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'RBI's big transfer to Centre a 'one-off', may not sustain'

New Delhi: The size of Reserve Bank of India's (RBI) transfer of its surplus funds to the government is a "one-off" transaction and the bonanza may not sustain, Mumbai-based financial services company Edelweiss Securities said.

RBI's annual accounts released on Thursday revealed how the central bank was able to pay an enormous surplus of Rs 1.76 trillion (Rs 1.76 lakh crore) for the 2018-19 accounting period.

"A substantial part in the acceleration in the RBI's transfer to the government in 2018-19 are due to one-offs and the bonanza may not sustain, especially with regards to special dividend and forex accounting adjustment.

"From the government point of view, the effective surplus transfer for 2019-20, including the excess one-time capital transfer would be Rs 1.48 trillion (lakh crore), which is higher than the budgeted Rs 900 billion, implying net fiscal windfall of 0.28% of GDP", Edelweiss said.

According to the company, RBI's interest income has more than doubled in 2018-19. The increase was from both the domestic and foreign exchange (FX) assets at Rs 1.07 billion -- a gain of Rs 32 billion over the previous year.

The gain has resulted from higher coupon yields on rupee assets at 5.6%, against 5.2% in 2017-18, primarily amid significantly higher net purchase of Rs 3,311 billion -- largely Open Market Operation (OMO) purchases -- in 2018-19, while the Liquidity Adjustment Facility(LAF)/Marginal Standing Facility (MSF) operations also contributed.

There was decline in RBI repo pay-outs last year, as compared to 2017-18 which accumulated a demonetisation led-surplus. Foreign interest income, too, grew 33% amid general rise in yield and interest rates across all currencies, Edelweiss said.

There was also a dramatic Foreign 'other' income swing due to accounting change.

According to Edelweiss, the overall earnings from foreign sources grew to Rs 750 billion from 274 billion before, with the other income category growing 800% plus led by positive impact of Rs 214 billion accounting change to weighted average cost of holdings of FX capital gains and losses.

Special dividend transfer also added to the entire transfer kitty. "Of course the massive jump in other domestic income of Rs 862 billion comes majorly from special dividend paid from write-back of Contingency Reserve (Rs 526 billion)", it said.

The transfer was also aided by lower expenditure. This was largely owing to lower provisioning which has down down Rs 144 billion. No further provisioning was made on net profits.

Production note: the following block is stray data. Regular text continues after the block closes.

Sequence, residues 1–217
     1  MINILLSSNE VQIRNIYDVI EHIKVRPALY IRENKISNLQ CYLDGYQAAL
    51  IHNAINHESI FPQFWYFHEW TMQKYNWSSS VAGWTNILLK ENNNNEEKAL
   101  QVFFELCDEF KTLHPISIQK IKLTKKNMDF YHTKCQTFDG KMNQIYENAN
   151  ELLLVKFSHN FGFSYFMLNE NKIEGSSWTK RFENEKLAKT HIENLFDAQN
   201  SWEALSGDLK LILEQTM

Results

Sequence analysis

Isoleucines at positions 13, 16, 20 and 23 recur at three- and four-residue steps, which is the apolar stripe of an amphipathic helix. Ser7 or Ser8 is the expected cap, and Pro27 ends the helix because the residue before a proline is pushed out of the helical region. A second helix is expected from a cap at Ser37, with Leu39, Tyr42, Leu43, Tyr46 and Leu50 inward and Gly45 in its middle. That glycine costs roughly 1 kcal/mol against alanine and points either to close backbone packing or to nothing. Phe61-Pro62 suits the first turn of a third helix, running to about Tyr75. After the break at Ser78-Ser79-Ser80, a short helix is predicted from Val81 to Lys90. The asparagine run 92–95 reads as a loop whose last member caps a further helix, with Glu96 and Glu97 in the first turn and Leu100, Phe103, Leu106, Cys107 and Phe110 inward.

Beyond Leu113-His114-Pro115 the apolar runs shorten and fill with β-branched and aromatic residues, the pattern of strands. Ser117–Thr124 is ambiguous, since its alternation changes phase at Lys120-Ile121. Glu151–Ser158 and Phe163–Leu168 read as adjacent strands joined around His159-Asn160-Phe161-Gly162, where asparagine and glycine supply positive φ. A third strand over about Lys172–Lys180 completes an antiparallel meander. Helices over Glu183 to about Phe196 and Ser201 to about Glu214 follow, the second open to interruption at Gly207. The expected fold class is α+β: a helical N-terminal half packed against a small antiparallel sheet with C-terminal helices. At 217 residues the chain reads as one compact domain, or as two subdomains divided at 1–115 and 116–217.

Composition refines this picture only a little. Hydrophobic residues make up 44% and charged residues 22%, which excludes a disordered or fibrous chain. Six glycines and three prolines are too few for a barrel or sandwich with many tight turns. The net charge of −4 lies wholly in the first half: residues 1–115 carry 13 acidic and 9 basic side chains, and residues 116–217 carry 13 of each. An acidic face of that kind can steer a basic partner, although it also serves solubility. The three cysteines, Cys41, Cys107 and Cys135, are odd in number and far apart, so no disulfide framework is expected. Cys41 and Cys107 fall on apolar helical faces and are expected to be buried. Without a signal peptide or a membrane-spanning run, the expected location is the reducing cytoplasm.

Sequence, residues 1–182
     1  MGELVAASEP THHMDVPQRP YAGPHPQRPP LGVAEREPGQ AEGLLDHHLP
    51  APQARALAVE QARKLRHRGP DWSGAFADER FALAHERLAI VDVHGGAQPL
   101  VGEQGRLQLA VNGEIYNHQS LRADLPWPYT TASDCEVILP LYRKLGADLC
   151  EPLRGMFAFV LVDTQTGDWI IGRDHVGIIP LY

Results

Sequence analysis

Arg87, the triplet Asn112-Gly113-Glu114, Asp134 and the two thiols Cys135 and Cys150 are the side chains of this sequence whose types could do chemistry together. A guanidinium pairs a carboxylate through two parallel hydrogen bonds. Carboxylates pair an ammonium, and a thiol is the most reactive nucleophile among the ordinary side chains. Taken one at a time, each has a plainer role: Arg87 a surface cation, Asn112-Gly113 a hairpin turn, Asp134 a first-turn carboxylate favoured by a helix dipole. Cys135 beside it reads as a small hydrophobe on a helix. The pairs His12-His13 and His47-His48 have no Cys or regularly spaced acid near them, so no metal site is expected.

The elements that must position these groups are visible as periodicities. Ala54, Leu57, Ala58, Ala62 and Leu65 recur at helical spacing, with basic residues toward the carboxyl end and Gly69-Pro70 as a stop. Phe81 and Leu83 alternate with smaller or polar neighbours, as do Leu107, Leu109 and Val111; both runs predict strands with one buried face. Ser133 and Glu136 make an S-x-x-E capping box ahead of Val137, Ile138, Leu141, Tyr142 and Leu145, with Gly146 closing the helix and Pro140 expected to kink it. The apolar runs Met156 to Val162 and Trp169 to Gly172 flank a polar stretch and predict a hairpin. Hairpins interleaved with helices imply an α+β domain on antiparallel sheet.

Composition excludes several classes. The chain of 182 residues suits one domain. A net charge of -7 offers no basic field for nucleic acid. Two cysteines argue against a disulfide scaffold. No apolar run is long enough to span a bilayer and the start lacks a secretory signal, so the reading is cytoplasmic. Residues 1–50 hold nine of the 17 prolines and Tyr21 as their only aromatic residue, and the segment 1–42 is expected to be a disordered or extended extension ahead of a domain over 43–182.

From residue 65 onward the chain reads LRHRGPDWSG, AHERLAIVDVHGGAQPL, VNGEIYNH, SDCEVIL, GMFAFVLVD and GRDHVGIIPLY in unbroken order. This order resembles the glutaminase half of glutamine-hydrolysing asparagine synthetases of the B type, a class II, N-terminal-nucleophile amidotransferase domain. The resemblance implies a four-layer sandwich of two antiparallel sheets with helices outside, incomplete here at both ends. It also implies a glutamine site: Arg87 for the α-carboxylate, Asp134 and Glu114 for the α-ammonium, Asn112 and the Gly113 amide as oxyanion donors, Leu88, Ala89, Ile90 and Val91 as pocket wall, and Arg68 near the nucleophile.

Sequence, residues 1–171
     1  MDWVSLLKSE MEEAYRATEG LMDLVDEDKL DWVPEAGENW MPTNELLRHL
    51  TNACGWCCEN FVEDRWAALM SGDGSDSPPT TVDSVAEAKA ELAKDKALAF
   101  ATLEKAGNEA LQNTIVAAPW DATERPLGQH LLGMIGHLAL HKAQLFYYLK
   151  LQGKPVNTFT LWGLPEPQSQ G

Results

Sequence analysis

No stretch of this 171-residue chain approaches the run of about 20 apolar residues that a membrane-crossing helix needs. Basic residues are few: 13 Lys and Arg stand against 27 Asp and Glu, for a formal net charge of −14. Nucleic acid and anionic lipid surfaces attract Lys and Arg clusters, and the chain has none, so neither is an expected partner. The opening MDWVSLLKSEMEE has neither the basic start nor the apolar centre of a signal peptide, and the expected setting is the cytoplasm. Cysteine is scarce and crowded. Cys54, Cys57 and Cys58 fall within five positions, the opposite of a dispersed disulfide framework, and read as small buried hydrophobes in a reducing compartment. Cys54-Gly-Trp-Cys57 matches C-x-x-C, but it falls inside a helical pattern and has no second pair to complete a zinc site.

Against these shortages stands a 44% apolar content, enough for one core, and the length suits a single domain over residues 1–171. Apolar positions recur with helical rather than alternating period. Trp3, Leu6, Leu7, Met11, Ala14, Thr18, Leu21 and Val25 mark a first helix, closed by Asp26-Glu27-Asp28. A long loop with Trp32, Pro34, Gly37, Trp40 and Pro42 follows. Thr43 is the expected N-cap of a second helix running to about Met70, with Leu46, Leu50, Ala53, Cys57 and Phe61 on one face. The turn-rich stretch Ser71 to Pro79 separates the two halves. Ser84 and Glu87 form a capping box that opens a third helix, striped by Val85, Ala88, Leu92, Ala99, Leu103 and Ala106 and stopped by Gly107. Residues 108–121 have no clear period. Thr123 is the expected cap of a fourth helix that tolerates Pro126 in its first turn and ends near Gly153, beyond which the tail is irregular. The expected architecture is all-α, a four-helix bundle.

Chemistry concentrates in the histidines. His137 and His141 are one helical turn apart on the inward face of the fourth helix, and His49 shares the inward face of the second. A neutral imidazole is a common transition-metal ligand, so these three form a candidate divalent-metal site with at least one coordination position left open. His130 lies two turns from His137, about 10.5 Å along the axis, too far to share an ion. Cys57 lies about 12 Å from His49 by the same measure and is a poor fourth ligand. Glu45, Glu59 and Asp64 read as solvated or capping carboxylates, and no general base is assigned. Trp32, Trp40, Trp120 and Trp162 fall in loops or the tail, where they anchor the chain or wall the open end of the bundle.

The entire net income made during the year was transferred and no provisioning was made to add to the core capital, keeping in mind that the RBI's capital in 2018-19 stands at 23.3% of the balance sheet, according to Edelweiss.

Out of the total surplus of Rs 1.76 trillion, Rs 526 billion was identified as the excess capital provisioning to be transferred as a special dividend as per Jalan Committee's recommendations.

Adjusting for this, the RBI transferred the entire net income made in 2018-19 to the government -- Rs 1.23 trillion, out of which Rs 280 billion was already transferred as 2018-19 interim dividend.

"The base surplus dividend (Rs 1.23 billion) growth was a whopping 146% -- considerably higher than the past and thus needed some quick fact checks. We note in 2017-18 RBI's surplus was Rs 500 billion and during the demonetisation year it was just Rs 306 billion," the broking firm said.

"The additional fiscal kitty could be used to bridge the expected tax shortfalls or to further boost sector-specific expenditure by the government. That said, this bonanza appears one time and does not necessarily bode well in the medium term from fiscal stand point," it said.

In a future expansion of the RBI's balance sheet, the maintenance of contingent risk buffer (CRB or core capital) at 5.5% of the balance sheet, as accepted by the RBI board, would mean central bank's net profit will have to be adjusted accordingly before transferring to the government to ensure core capital grows in tandem with the balance sheet.

This will possibly imply lower future dividends for the government, Edelweiss said.